Aggregate Supply in the Short Run

Aggregate Supply in the Short Run
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  • 0:01 Definition and Short…
  • 4:10 Short Run Determinants
  • 6:03 Lesson Summary
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Lesson Transcript
Instructor: Aaron Hill

Aaron has worked in the financial industry for 14 years and has Accounting & Economics degree and masters in Business Administration. He is an accredited wealth manager.

Learn about aggregate supply in the short run (SRAS) and what that really means. Find out how the overall price of goods affects quantity supplied in the short run and other key determinants that can increase and decrease aggregate supply in this time period.

Definition and Short Run Explained

Imagine you are a small business owner that builds and sells your own unique sunglasses in the local mall. You have a small amount of money in your business account and have four other employees that work for you. To your surprise, your sunglasses sell much faster than predicted and at a higher price than you thought they might. You realize that in order to keep up with the current demand, your only option is to ask the two employees that help make sunglasses to work more hours. This will result in overtime, but you still think it will be profitable.

Your unique constraints and limitations to supply more sunglasses in the short run are just like the constraints of short-run aggregate supply for the entire economy. In the long run, you may be able to hire more skilled workers, build a small factory, invest in more training and education of your workers, or buy some new machinery that will help produce more glasses. All of these would help you increase your supply and output of sunglasses over time. In the short run, you are limited with your current machines and small bank account.

Aggregate supply in the short run (SRAS) is best defined as the total production of goods and services available in an economy at different price levels while some resources to produce are fixed. What do we mean by 'fixed?' In the short run, companies increase aggregate supply in an economy by increasing their use of current inputs, such as labor hours. Companies, like our sunglasses shop, work current employees and available machinery more to produce additional product.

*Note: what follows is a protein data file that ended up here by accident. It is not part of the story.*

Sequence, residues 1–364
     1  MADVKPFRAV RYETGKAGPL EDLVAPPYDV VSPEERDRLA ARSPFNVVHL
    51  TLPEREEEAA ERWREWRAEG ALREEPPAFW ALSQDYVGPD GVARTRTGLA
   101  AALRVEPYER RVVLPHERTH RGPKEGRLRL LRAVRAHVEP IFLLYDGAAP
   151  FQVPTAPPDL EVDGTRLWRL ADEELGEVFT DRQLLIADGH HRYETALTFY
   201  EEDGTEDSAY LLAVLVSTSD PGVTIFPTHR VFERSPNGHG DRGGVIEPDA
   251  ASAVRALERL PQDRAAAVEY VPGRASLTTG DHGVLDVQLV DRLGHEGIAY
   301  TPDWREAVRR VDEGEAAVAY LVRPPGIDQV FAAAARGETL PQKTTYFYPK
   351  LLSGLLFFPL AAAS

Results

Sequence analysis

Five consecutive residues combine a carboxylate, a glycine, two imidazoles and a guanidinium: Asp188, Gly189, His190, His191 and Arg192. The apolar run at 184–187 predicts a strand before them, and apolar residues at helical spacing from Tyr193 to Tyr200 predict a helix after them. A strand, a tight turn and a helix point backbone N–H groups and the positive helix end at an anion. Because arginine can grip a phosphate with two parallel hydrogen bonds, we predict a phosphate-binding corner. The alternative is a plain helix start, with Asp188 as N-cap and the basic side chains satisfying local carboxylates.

But what the sunglasses shop owner can't do overnight is dramatically increase the bank account, build a factory or install and train everyone on the latest technological machines to produce sunglasses more efficiently. The amount of capital in the bank, the space and machines where sunglasses are made and possibly the vendor arrangements that provide materials to build the glasses are all things that require time to change. These can all be changed over the long run, but during the short run, these aren't options to meet current demand. These resources are fixed.

The short run may be two months or an entire year. It doesn't have a specific unit of time associated with it; rather, it is tied to how long some of your resources are fixed. How quickly can you build that new factory? How quickly can you get a loan and get a new machine installed? How long would it take you to hire three new employees and properly train them? Your answer to these questions is what determines the short run and the long run. In the long run, you can change any of your available resources to increase production. In the short run, some of these things are rigid or inflexible; they can't be changed quickly.

In economics, we look at both long-run and short-run aggregate supply curves. The short run curve is upward-sloping and shows a relationship between quantity supplied (output) and price level. As prices increase, the quantity supplied increases. Suppliers and companies are motivated by profit and sales. So, when they see products are selling at higher prices, they will naturally try to produce more.

In the short run, an increase in the price of goods encourages firms to work employees longer, pay slightly higher wages and produce more along the supply curve within their given constraints. There are other variables or determinants discussed below that can cause the entire curve to shift to the right (an increase in aggregate supply) or to the left (a decrease in aggregate supply). Should any of these determinants change, the short-run aggregate supply curve shifts to a new position, which means firms are now willing to produce a different quantity of goods at the same price levels as before.

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